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Cybersecurity guidance for any software connected to a combination product

Medical device and combination product developers looking to integrate or connect software have three new FDA standards to add to their regulatory strategy as of this month. But don’t worry about having to recreate the wheel – the new standards are more of a codification of current best practices rather than a whole new set of rules.  

Two of the new standards come jointly from the American National Standards Institute (ANSI) and the Association for the Advancement of Medical Instrumentation (AAMI): 

  • ANSI/AAMI 2700 2-1 (safe use and improvement tactics in data logging within integrated clinical environments (ICE)) 
  • ANSI/AAMI SW96:2023 (medical device software security risk management) 

ANSI/AAMI 2700 2-1 is part of the 2700 family of standards that aim to achieve safe integrated clinical environments. ANSI/AAMI SW96:2023 is based on (and intended to be used in conjunction with) AAMI’s TIR57 and TIR97, essentially putting those technical information reports (TIRs) into normative language. Since both are standards in collaboration between both ANSI and AAMI, we can assume they will likely be acceptable for use in any region/country, not just in the United States where the FDA will be asking sponsors to follow them. 

The third standard, ISO/IEC/IEEE 29119-1:2022 (Software and systems engineering – Software testing – Part 1: General concepts), which comes from the International Organization for Standardization (ISO), the International Electrotechnical Commission (IEC), and the Institute of Electrical and Electronics Engineers Standards Association (IEEE), will also be a more globally recognized standard. Its purpose is to reduce exhaustive software testing down to a more practical, risk-based approach to prioritizing and selecting what testing should be done.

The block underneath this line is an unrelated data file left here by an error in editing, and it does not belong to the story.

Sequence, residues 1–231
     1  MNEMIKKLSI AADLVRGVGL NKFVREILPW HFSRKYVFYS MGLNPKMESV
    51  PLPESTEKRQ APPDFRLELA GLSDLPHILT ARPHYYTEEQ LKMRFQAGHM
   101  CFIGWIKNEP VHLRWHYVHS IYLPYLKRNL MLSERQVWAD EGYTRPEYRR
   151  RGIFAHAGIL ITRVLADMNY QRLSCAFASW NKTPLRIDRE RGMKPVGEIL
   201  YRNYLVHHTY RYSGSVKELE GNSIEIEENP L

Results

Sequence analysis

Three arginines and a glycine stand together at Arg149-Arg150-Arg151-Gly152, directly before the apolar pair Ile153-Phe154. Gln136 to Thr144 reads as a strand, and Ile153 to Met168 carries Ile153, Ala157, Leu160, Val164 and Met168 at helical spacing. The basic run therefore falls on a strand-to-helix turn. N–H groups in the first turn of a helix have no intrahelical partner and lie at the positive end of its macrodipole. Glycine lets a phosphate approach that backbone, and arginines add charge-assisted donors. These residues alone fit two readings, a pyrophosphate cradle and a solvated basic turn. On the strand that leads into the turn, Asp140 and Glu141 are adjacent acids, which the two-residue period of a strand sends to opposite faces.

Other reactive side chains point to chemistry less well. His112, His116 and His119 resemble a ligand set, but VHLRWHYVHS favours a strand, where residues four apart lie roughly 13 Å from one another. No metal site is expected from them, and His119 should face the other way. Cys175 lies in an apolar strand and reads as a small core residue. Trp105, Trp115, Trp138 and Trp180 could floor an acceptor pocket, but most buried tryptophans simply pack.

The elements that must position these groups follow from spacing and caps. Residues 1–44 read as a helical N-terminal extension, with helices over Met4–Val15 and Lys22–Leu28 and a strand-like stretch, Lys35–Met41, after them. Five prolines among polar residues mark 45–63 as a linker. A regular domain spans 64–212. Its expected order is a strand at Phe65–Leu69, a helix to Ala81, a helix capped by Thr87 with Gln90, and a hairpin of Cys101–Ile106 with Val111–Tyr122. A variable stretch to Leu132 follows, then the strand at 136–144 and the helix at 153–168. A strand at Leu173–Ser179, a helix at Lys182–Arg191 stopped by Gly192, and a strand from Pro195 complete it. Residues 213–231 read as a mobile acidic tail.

With all of the new developments and players in cyberspace, it is important to have information security measures in place. These new standards adopted by the FDA should support your ability to reduce risk, implement best practices, and ensure you are doing what is needed to convince the FDA that your connected health products are cyber-secure. 

For more on the subject, read this article by 

To talk about your regulatory pathway with our team, like SaMD expert Rita Lee, PhD, RAC, ex-FDA Reviewers Carolyn Dorgan and Max Lerman, PhD, or other software and cybersecurity subject matter experts, email [email protected] or visit to set up a call. 


Jonathan Amaya-Hodges, Director, Technical Services, Suttons Creek, Inc. – Jonathan has over 16 years of multidisciplinary experience in regulated medical products (drugs, biologics, medical devices, and combination products) at multiple global companies. He has practical experience in Development/Engineering, Quality Assurance, and Regulatory Affairs for various types of combination products with a focus on drug delivery. Additional background includes digital health (including smart packaging/connected devices and software as a medical device, or SaMD) and in vitro diagnostics, along with clinical development (bridging) and lifecycle management for combination products. Jonathan engages with the global combination product community by speaking at conferences, lecturing in courses, serving key roles within prominent industry organizations, and interfacing with regulators on a variety of topics.